Prenatal massage refers to massage techniques performed on pregnant individuals. In use for millennia, prenatal massage has evolved over the years to include strategies from several different methods.
What Is Prenatal Massage?
Prenatal massage, a special form of massage therapy, is designed to address massage needs during pregnancy. The origin of prenatal massage likely goes back to the invention of massage itself. Ancient texts attributed to Ayurvedic medicine (developed in India as one of the world’s first medical systems) describe gentle massages for pregnant women as early as 3000 years ago.
Modern versions can include several different techniques, but Swedish massage might be the most relied upon because of its wide range of applications (it can be used on any part of the body) and benefits (muscular, circulatory, psychological, and more).
Prenatal massage has been found to reduce depression while also alleviating pain and general discomfort. However, it is imperative that this type of massage is performed by a trained professional, as improper procedures can cause harm to both mother and fetus. Prenatal massage is not recommended for women experiencing high-risk pregnancies unless specifically advised by their pregnancy care provider. Otherwise, prenatal massage appears to offer benefits that may be applicable to the majority of pregnant women.
How Can Prenatal Massage Help?
Studies suggest prenatal massage is beneficial in a number of ways. Massage during pregnancy can decrease feelings of anxiety and depression while also reducing swelling, muscle aches, and joint pain. Those who receive prenatal massage may also get better sleep. Prenatal massage has also been linked to improved labor outcomes and healthier newborns. This sample of results, though relatively small, demonstrates that prenatal massage has the potential to be useful during pregnancy in many cases.
Some benefits of prenatal massage make it ideal for treating specific conditions likely to be experienced during pregnancy. Many individuals develop swollen leg muscles and persistent pain in late pregnancy as the shifting of the uterus places increased pressure on the sciatic nerve. Prenatal massage can help alleviate this problem by releasing tension from adjacent muscle groups and redirecting pressure away from the nerve.
What Does a Prenatal Massage Session Look Like?
In terms of atmosphere and general experience, prenatal massage sessions are typically similar to sessions in most other types of massage. Clients are asked to disrobe but remain completely covered by a sheet, with the exception of the body area being worked on. The room may be dimly lit and silent, but some massage therapists may play soft music to encourage relaxation.
Participants are usually asked to lie on one side while receiving the massage, but a few massage clinics may have tables with adjustable “pockets” for the abdomen and breasts that allow pregnant clients to lie face-down. Some massage recipients find this position comfortable and liberating since they cannot lie in that way at home. However, the face-down approach can be risky, as a lack of support on the abdomen can cause strain on the ligaments of the uterus and surrounding areas. For this reason, empty holes that let the abdomen “dangle” should never be used.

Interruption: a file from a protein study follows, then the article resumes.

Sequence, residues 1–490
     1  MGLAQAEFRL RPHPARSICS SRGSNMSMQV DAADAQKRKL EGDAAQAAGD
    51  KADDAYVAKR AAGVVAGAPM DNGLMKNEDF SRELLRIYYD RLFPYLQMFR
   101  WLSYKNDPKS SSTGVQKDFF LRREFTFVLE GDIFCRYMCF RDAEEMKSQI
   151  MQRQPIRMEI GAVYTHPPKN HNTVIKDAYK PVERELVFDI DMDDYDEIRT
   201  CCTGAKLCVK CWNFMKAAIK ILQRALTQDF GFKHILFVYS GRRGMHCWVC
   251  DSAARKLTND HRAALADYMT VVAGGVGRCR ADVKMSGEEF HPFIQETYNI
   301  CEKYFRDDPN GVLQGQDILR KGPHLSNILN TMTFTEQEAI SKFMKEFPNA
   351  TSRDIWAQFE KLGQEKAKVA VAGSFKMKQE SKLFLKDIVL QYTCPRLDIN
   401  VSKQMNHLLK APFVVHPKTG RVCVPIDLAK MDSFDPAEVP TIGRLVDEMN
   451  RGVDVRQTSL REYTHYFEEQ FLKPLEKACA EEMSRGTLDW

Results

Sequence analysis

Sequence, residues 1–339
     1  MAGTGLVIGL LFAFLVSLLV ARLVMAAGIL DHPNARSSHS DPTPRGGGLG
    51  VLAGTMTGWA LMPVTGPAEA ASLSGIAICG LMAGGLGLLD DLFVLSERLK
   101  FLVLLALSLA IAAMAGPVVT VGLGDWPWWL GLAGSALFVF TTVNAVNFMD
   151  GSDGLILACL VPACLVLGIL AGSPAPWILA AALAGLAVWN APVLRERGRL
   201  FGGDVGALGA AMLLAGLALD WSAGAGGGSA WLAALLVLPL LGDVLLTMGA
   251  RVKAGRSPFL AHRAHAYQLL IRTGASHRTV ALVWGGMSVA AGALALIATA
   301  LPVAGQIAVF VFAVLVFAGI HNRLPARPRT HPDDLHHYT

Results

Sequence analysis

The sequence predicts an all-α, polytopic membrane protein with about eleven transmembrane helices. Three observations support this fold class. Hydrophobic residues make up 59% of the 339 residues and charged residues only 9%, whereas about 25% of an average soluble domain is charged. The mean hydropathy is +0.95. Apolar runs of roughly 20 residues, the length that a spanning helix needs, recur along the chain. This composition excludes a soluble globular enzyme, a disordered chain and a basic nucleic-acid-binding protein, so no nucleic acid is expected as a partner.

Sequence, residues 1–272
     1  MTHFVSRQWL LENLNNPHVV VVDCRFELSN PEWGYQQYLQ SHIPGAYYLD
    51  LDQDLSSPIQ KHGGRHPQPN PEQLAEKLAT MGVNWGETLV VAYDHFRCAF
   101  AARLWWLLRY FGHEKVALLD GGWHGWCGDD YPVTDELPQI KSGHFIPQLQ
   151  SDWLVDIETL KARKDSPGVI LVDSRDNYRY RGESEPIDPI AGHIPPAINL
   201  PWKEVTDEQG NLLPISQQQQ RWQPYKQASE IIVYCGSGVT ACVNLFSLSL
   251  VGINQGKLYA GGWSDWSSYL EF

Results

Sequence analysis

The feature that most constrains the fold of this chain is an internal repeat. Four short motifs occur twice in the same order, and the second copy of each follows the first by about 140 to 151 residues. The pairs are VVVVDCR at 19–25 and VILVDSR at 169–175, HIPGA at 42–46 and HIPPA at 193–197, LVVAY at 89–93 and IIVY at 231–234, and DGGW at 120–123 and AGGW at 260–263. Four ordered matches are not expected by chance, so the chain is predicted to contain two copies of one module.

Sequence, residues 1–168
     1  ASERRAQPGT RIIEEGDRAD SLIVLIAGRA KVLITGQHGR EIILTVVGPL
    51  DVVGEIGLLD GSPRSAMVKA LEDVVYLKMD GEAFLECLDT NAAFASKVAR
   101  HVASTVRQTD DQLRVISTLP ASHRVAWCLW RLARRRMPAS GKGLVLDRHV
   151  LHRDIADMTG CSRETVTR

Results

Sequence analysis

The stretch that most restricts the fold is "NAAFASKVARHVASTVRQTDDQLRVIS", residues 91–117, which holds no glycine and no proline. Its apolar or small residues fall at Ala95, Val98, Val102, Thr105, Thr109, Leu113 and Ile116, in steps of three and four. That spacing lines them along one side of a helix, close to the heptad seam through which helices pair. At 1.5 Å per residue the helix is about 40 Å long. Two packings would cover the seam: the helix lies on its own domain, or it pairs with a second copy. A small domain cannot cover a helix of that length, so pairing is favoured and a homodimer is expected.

The actual massage is reportedly similar to other Swedish-influenced approaches, but with prenatal massage, less pressure is placed on the lower back.
Prenatal Massage Precautions
Massage can be part of a healthy prenatal care routine if two critical guidelines are followed. Those who are considering massage should always discuss the idea with their regular prenatal care provider first to ensure they are not at an increased risk for complications. Prenatal massage is usually not recommended for those with high-risk pregnancies or for anyone experiencing increased hypertension. Massage can be safely performed at any stage of pregnancy, but many therapists avoid giving massages during the first 12 weeks of pregnancy because of the increased risk of miscarriage in that period.
It is also essential that those seeking massage choose a trained, certified massage therapist to deliver their prenatal massage. Massage therapists who have not received training in prenatal massage may not be able to recognize warning signs that may indicate serious concerns such as blood clots, and they may lack the necessary training in preventing damage such as uterine ligament strain.
- Field, T., Diego, M. A., Hernandez-Reif, M., Schanberg, S., & Kuhn, C. (2004). Massage therapy effects on depressed pregnant women. Journal of Psychosomatic Obstetrics & Gynecology, 25(2), 115-122. Retrieved from http://www.tandfonline.com/doi/abs/10.1080/01674820412331282231
- Field, T., Hemandez-Reif, M., Hart, S., Theakston, H., Schanberg, S., & Kuhn, C. (1999). Pregnant women benefit from massage therapy. Journal of Psychosomatic Obstetrics & Gynecology, 20(1), 31-38. Retrieved from http://www.tandfonline.com/doi/abs/10.3109/01674829909075574
- Govindan, S. V. (1996). Ayurvedic massage for health and healing. Abhinav Publications. Retrieved from https://books.google.ca/books?hl=en&lr=&id=RNMroJI2ogwC&oi=fnd&pg=PA5&dq=Ayurvedic+prenatal+massage&ots=faSFfUGIAs&sig=g5bZO7U5Sa6GiOdTy0yBWRgBdFg
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- Howell, J. (2002). Prenatal health through massage therapy: For women and their babies. Retrieved from https://www.thefreelibrary.com/Prenatal+health+through+massage+therapy%3A+for+women+and+their+babies%3A…-a098250301
- Massage and pregnancy – Prenatal massage (Sep 2, 2016). Retrieved from http://americanpregnancy.org/pregnancy-health/prenatal-massage
- Simpson, P. (n.d.) History of pregnancy massage. Retrieved from http://paulsimpsonlmt.com/Pregnancy/History%20of%20Pregnancy%20Massage.html